B. Whitefield and Spurgeon’s Understanding of the Open-Air Preaching Service
1. Both men incorporated congregational singing.
Whitefield chronicled in his journal about a service he held at Kennington Common. He wrote, “All stood attentive, and joined in the Psalm and the Lord’s Prayer most regularly” (George Whitefield Vol. 1, pg. 289). Whitefield took Psalm singing and reciting the Lord’s Prayer outdoors since he considered the gathering to be a worship service to God.
When Spurgeon preached outdoors on September 10, 1862 in Cheddar, he began the service with a hymn. Pastor T. B. Field wrote down his eye witness account. “A temporary platform had been erected for the preacher, and Spurgeon commenced the service by saying, ‘Let us make these old rocks resound to the praise of God.’ The first hymn was, ‘All people that on earth do dwell’; and another that was sung was, ‘Rock of ages, cleft for me.’” (C.H. Spurgeon Autobiography: Volume 2, pg. 90). Spurgeon viewed his open-air preaching as being a service. He approached the worship as if he was leading the congregation at The Tabernacle.
2. Whitefield only allowed ordained men to preach with one exception.
George Whitefield applied the same standard to preaching indoors and outdoors. Only ordained men could preach. Dallimore wrote, “Whitefield did not favour lay preaching. In the exalted views that he held of the Christian ministry, he placed strong emphasis on the necessity of the Divine call, on adequate preparation and on ordination” (George Whitefield Vol. 1, pg. 304). Whitefield only made one exception to this rule. His friend, Howell Harris, sought ordination several times through the Church of England, but they denied him since he was with the Methodists. Whitefield declared that God had ordained him even if the church would not recognize it.
While I do not take Whitefield’s strict view on who can preach, it shows that he did not have separate standards. He had the same qualifications for preaching in a church building or for preaching outdoors. Since he viewed both as worship services, then he applied the same credentials. During this time, The Church of England did not ordain women to preach. Therefore, we can conclude that Whitefield would not permit women to open-air preach since they are not allowed to preach in a church.
3. Spurgeon referred to the open-air meetings as a service.
In a chapter on open-air preaching, Spurgeon gave advice on the preacher’s placement in respect to the sun. “Practiced preachers do not care to have the sun directly in their face if they can help it, neither do they wish their hearers to be distressed in like manner, and therefore they take this item into consideration when arranging for a service” (Lectures to His Students, pg. 274). He refers to the open-air preaching event as a service. The man is leading the people to worship Christ by faith.
In Spurgeon’s chapter on the history of open-air preaching, he quotes an account from the famous outdoor sermon involving John Livingstone in Scotland. In the days leading up to the sermon, “There had been many of them there together for several days before the sacrament, hearing sermons, and joining together in larger or lesser companies, in prayer, praise, and spiritual conferences” (Lectures to His Students, pg. 251). These outdoor meetings had all of the elements of worship. Instead of holding a conference in a church building, they worshiped under God’s glorious sky. Spurgeon would agree with the assessment that open-air preaching is a service.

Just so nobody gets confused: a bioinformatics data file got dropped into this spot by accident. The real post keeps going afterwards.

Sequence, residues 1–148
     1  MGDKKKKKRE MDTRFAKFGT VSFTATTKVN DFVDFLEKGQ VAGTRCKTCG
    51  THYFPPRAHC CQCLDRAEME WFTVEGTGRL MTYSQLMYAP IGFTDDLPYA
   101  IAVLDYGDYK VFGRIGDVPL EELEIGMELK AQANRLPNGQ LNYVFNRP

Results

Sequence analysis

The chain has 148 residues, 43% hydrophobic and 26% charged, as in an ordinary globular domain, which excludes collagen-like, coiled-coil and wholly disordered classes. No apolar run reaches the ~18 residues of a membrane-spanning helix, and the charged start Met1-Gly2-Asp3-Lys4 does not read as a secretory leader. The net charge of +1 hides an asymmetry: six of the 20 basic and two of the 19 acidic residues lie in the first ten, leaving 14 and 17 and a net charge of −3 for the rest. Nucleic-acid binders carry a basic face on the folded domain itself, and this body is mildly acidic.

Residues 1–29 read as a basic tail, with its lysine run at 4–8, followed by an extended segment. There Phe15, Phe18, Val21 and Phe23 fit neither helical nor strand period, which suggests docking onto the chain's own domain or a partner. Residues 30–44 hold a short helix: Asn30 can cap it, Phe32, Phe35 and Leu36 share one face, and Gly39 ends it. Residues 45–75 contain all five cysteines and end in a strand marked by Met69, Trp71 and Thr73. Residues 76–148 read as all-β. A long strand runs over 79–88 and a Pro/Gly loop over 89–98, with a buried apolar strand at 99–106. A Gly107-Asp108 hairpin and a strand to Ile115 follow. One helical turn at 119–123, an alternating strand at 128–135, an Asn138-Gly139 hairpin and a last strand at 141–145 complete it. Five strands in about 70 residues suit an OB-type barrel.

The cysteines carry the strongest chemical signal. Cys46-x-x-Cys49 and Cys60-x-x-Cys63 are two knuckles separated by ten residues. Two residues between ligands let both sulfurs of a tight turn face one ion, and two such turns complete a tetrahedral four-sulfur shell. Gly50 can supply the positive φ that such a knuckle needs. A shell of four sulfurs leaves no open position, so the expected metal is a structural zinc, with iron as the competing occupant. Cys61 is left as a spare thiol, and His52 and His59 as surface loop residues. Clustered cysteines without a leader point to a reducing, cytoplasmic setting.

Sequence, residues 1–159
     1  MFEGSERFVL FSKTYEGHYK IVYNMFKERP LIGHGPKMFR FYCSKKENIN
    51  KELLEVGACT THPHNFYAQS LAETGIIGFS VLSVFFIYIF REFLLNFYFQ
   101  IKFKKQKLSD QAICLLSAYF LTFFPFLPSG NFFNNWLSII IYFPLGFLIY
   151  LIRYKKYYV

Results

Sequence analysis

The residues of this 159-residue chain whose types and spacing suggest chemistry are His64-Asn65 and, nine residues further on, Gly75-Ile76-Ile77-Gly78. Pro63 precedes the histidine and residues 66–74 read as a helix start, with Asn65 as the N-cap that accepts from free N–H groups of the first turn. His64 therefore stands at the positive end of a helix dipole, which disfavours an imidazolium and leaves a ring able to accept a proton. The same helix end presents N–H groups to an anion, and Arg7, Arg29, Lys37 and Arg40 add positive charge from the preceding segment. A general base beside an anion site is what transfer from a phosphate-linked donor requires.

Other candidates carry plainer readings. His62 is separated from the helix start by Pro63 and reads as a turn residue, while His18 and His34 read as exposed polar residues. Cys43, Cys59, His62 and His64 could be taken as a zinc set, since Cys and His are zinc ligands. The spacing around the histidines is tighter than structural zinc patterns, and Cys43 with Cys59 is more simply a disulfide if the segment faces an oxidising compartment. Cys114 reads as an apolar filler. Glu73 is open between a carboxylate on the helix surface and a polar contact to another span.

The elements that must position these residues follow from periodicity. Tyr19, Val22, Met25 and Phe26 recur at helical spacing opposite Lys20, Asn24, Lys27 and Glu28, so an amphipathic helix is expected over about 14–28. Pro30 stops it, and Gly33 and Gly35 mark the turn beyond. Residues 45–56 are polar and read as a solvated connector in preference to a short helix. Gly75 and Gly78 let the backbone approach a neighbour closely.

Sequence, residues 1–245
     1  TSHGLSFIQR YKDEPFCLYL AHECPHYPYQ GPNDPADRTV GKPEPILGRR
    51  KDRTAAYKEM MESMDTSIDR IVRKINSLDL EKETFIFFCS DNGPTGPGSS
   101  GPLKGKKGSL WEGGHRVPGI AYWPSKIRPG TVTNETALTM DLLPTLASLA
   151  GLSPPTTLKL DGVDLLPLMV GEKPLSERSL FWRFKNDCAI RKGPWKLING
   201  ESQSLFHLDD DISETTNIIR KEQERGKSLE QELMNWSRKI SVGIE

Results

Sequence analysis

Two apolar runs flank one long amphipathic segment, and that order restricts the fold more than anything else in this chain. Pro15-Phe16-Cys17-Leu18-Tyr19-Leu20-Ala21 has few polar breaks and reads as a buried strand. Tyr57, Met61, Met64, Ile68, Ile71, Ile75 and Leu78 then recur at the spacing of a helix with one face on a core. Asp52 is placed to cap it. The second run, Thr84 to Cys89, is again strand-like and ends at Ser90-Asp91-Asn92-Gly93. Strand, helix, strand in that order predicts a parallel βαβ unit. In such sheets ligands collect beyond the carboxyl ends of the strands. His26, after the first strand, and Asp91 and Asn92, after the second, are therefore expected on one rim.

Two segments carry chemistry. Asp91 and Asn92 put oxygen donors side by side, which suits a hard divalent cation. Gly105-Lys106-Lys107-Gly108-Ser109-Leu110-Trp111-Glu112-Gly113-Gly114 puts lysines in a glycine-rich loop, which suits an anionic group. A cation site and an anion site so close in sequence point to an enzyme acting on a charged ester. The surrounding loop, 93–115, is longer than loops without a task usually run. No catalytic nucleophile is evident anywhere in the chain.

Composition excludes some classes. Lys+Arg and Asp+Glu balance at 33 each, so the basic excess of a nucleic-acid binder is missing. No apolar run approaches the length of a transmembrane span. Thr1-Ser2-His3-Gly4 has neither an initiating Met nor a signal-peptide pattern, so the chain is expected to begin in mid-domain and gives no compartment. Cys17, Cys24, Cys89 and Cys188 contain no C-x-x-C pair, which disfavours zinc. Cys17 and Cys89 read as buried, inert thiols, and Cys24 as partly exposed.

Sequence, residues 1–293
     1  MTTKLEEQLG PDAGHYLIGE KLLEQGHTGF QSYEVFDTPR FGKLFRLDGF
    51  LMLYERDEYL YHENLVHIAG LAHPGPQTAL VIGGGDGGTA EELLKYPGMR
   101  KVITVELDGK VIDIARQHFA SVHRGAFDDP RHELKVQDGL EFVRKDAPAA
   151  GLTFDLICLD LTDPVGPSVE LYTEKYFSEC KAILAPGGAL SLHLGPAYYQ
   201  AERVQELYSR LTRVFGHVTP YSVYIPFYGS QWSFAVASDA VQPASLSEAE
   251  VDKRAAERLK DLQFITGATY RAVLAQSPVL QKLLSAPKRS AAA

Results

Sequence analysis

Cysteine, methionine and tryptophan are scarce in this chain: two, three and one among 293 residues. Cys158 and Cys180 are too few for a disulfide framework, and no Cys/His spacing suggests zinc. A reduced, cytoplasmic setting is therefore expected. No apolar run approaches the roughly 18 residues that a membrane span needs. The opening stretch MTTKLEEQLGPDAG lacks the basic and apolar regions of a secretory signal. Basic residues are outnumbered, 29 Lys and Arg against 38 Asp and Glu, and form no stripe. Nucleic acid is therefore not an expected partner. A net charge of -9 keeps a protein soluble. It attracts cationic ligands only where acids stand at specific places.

4. Spurgeon referred to the preacher’s location as a pulpit.
Spurgeon recounts Whitefield’s first open-air preaching sermon at Kingswood. Since Whitefield went to preach in the field, Spurgeon commented, “Now he was the owner of a pulpit that no man could take from him and his heart rejoiced in this great gift” (Lectures to His Students, pg. 257-258).
Besides going to a field, a preacher can find an unusual portable pulpit. Spurgeon described Gideon Ouseley’s ministry by writing, “His pulpit was generally the back of his horse…” Lectures to His Students, pg. 260).
By using the language of a pulpit, Spurgeon links the preaching in a church building as being the same as preaching in the open-air. At the Tabernacle, Spurgeon’s pulpit stood powerfully at the center. This continued the protestant reformed tradition that the preached word is the center of worship and not the Lord’s Supper. This background illuminates how Spurgeon connected open-air preaching with conducting a worship service.
Whitefield and Spurgeon never conducted a church or an open-air service with a woman preacher. Since they believed that women could not teach or have authority over men, then they only allowed men to preach in public worship. They did not invite women to open-air preach because they understood the meetings as being a worship service. Therefore, these great preachers would not permit women to open-air preach.
Brandon was born and raised near Springfield, IL. He graduated from Illinois College in 2007 with a B.A. in History and from Moody Theological Seminary in 2010 with a Master of Divinity. He is a PhD student in Historical Theology at Midwestern Baptist Theological Seminary in Kansas City and an ACBC certified Biblical counselor. In April 2016 Brandon accepted the call to pastor at Faith Baptist. He loves history and reading and has a heart for street preaching and evangelism.